Bendis certainly has his flaws, but he’s the first writer I gravitated toward when I started reading comics again in 2001, and I’ve kept following him through every phase of his career since. However, the thing that really drove this home for me was when he moved to DC and took over Superman. I actively do not like Superman. But it being Bendis, I gave Superman and Action Comics a shot and they’re probably the two books I enjoy the most right now on a monthly basis. That’s quite a feat.


May 29, 2019

Spider-Rama: Amazing Spider-Man #20

Welcome to Spider-Rama! Each Wednesday, Ben and Duy will look at a Spider-Man issue from the very beginning, in chronological order, and answer questions for various categories, inspired in large part by one of our favorite podcasts, The Rewatchables by The Ringer. Our goal is to make it to Amazing Spider-Man #200. Will we make it? Grab your Amazing Spider-Man Omnibus or crank up your tablet to Marvel Unlimited, and then tune in every Wednesday to find out!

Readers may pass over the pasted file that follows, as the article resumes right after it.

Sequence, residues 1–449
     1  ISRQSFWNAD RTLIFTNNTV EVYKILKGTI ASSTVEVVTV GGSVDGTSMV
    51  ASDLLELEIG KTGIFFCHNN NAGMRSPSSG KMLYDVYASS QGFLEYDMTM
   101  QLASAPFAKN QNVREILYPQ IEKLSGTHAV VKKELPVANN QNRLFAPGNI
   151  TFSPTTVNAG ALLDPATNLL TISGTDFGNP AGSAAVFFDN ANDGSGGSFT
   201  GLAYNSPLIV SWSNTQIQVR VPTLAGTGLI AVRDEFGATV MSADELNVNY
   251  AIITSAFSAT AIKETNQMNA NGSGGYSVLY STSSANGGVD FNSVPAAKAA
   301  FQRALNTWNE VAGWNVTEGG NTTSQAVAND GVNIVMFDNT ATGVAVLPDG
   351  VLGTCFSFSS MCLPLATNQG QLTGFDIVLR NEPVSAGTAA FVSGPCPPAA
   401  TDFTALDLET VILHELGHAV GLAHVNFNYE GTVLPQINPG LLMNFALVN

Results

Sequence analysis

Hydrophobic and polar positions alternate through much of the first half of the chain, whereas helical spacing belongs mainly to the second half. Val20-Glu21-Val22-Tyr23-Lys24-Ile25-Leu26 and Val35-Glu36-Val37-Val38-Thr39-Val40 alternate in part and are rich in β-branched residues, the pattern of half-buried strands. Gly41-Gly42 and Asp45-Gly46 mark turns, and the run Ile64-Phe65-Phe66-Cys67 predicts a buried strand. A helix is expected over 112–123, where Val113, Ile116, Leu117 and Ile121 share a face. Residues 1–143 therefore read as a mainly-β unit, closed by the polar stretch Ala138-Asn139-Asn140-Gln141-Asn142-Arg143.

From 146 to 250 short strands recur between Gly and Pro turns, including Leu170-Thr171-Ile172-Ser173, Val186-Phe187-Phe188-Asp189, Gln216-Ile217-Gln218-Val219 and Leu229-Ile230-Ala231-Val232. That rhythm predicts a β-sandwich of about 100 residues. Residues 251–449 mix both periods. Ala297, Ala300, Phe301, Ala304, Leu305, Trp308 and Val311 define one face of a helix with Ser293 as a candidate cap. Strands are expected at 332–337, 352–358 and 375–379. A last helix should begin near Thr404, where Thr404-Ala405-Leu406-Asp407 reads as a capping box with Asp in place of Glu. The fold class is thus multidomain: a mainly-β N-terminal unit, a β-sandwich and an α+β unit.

AMAZING SPIDER-MAN #20
Spider-Rama
by Stan Lee and Steve Ditko

J. Jonah Jameson’s hatred of Spider-Man goes too far, and the Scorpion is born!


POINTLESS TRIVIA

BEN: First appearance of the Scorpion. Ned Leeds leaves on an assignment to Europe. He is murdered in Germany many years later.

DUY: Ned Leeds would be revealed to be the Hobgoblin many years later, only for it to be retconned and revealed that the real Hobgoblin framed him even more years after that. However, by narrative rules, the fact that he showed up soon after the Green Goblin did would make him a suspect at the current point we are reading.


WHAT'S AGED THE BEST?

DUY: Sometimes these credits are really funny.



BEN: The panels of the Scorpion getting his powers are reminiscent of Steve Rogers in those original Captain America comics.